So you convinced your business leadership that investing in a data governance program is in the best interest of the company. Now what? While embarking on a data governance program is an exciting time for any enterprise data management team, it can also be a big undertaking. With little example to follow, those beginning a data governance program, and even those who have implemented one recently, would be wise to follow industry best practices and learn from some of the cautionary tales out there. Knowing what works, and what doesn’t will help you get your program stood up faster and with greater efficiency. Here are the data governance best practices that we saw throughout the 2018 Data Governance and Information Quality (DGIQ) conference:
This past week I had the pleasure of representing Experian along with three of my colleagues in Chicago at IRCE (Internet Retailer Conference + Exhibition). The show ran the full gamut of the world of online retail with Ecommerce industry leaders representing many large online retailers as well as small retailers looking to embrace the next step.
Data governance refers to the set of processes to ensure data meets precise standards and business rules as it is entered into a system. Data governance enables businesses to exert control over the management of data assets. This encompasses the people, process, and technology that is required to make data fit for its intended purpose.
It’s no secret that the quality of your data matters. Your organization’s data is not some mysterious entity that exists only in the realm of technology and analytics, but is in fact a competitive differentiator increasingly used to influence broader business decisions around things like operations and marketing.
This past week, I attended the National Health and Human Services Summit in Arlington, VA. Over the past three years, I have met and worked with many state Health and Human Services (HHS) agencies across the United States. Through my work with these agencies, I have encountered a common goal is “improving outcomes.” What this means is ensuring constituents are served in the best possible way, and the focus of this conference was no different.
Last week, I, along with two other members of the Experian team, took our talents to sunny San Diego to soak up some knowledge and spread some insight at the Enterprise Data World (EDW) conference. The conference was packed with some of the best and brightest representatives from organizations across the U.S. and around the globe.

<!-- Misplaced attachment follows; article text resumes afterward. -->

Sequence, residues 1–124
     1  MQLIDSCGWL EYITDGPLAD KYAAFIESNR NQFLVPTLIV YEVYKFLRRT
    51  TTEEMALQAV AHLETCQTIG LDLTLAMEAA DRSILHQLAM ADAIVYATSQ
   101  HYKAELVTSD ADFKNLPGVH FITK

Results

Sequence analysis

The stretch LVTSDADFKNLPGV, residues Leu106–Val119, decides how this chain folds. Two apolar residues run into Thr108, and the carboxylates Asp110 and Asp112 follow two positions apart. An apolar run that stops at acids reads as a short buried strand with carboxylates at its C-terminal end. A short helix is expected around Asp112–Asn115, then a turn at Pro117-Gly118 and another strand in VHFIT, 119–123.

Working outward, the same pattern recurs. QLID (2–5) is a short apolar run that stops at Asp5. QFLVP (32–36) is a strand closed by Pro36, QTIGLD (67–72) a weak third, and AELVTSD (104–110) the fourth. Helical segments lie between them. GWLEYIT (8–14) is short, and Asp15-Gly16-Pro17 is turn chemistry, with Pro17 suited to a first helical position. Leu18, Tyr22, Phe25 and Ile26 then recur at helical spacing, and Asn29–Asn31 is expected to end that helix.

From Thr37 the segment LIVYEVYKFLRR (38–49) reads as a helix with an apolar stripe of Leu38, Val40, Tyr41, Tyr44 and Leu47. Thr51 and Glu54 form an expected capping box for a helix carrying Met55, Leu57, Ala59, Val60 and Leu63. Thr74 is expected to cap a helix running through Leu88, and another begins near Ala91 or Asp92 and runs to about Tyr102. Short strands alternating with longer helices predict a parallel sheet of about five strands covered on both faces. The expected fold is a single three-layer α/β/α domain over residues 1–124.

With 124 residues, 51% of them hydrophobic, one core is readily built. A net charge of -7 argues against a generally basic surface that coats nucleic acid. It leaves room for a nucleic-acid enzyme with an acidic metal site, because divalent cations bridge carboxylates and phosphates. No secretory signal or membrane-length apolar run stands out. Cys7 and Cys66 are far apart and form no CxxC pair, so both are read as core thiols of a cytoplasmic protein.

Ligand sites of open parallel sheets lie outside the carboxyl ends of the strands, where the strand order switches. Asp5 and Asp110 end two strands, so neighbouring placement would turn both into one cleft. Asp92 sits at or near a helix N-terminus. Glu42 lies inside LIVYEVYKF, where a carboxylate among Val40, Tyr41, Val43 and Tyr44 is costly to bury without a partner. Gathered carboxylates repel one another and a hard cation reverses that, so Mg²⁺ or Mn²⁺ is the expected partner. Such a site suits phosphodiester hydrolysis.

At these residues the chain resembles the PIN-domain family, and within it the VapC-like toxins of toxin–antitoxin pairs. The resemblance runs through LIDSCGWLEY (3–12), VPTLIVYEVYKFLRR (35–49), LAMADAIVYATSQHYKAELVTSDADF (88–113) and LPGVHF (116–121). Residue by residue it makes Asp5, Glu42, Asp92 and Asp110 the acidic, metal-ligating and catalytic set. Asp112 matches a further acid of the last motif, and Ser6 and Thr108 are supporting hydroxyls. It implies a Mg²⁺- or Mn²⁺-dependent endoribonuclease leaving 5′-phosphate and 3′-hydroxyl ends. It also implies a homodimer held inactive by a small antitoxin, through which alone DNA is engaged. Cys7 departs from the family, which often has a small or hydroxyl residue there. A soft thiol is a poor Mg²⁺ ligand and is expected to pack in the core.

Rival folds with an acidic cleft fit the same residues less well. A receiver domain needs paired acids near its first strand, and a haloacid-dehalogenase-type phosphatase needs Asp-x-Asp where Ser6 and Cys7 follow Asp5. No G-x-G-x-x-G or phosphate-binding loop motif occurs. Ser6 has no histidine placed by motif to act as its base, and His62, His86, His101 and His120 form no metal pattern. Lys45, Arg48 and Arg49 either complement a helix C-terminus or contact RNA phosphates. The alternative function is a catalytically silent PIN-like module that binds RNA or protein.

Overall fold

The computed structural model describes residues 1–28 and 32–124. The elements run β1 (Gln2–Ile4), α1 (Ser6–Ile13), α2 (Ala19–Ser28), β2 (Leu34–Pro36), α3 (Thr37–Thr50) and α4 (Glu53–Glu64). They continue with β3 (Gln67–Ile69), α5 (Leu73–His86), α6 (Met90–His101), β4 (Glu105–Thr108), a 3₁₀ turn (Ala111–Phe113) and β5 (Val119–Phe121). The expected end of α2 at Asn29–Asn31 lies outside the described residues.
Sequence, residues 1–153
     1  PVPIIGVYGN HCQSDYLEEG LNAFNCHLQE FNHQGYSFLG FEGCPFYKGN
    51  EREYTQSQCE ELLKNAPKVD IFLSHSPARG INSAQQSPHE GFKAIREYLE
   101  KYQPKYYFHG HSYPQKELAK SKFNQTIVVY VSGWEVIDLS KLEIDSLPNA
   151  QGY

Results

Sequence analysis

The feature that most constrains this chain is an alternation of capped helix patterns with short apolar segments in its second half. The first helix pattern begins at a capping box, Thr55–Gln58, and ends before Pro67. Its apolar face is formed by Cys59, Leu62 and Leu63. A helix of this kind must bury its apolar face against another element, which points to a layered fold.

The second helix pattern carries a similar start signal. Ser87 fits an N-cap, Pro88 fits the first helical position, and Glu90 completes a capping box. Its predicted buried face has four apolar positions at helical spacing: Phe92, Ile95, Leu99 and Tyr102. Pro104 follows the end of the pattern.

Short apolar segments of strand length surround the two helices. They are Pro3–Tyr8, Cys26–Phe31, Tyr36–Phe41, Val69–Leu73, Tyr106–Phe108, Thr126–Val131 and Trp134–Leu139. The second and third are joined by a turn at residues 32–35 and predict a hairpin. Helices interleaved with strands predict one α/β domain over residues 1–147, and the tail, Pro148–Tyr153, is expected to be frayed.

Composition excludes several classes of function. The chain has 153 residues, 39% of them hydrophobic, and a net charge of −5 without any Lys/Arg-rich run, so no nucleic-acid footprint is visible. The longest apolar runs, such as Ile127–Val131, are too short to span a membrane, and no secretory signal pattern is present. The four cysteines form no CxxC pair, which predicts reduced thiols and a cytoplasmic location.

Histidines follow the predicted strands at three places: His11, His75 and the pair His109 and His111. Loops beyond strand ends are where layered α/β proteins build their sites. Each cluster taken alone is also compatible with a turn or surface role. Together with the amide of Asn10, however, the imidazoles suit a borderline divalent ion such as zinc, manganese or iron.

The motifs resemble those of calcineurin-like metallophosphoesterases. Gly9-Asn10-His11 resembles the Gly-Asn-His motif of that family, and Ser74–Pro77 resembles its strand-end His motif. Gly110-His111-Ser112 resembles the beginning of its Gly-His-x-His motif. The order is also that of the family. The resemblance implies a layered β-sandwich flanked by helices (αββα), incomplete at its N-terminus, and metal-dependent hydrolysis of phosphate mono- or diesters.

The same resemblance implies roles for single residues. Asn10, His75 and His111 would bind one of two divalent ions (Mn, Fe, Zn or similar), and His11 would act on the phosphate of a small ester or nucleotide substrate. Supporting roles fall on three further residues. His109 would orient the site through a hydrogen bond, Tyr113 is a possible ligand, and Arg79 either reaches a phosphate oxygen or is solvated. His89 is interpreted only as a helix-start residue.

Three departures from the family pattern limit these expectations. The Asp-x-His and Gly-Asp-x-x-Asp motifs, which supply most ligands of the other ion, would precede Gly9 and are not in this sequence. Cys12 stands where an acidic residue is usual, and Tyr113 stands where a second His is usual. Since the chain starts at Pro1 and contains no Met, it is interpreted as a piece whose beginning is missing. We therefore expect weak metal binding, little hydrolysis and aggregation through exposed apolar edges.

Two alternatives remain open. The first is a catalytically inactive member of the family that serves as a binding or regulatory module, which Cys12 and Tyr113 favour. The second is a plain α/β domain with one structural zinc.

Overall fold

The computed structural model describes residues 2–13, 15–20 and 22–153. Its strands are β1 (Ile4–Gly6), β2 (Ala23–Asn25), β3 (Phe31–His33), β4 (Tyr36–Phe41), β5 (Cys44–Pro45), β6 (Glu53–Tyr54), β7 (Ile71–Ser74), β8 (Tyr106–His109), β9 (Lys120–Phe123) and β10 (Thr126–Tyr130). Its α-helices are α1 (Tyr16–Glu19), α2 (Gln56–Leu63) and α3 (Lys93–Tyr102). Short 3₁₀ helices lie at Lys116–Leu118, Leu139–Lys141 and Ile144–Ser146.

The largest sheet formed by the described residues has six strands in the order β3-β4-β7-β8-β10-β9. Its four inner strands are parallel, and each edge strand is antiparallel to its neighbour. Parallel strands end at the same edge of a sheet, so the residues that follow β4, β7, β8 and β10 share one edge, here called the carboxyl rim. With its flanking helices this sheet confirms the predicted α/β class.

Welcome to Share your success, a monthly series of interviews featuring successful people within the Experian family. I wanted to take a closer look at those who are thriving in our company to keep a pulse on everything happening in the data quality space from the people who know best: the professionals who live and breathe all things data management day in and day out. I recently sat down with VP of Finance and Operations, Garrett Kelleher, to understand how he got to where he is today.
Last week I attend the Utility Analytics Summit in Irvine, CA, which was sponsored by Southern California Edison. I’ve been to a lot of data conferences in my day, (let’s just say this was not my first rodeo) however, it was my first foray into the world of utilities. What I noticed right away was that data-related challenges run rampant regardless of the industry. The analysts, data scientists, and engineers that I met at the summit were all struggling with similar issues that organizations in finance and government have been challenged with for years.
Data lineage charts the full life cycle of data: the path from its creation through consumption, and everything that happens along the way. For organizations interested in achieving strong data management programs, data lineage is a key component. It provides a more granular view of your data, allowing you to gain insights from the ways in which data is manipulated and transformed from collection to application.
As part of the data revolution, organizations are trying to better manage and manipulate their information. They need to build a trusted data resource that they can use to generate revenue, gain a competitive advantage, and better serve their customer base.
But who is responsible for managing and manipulating that data? Who should champion that resource within the business to make sure it is used properly?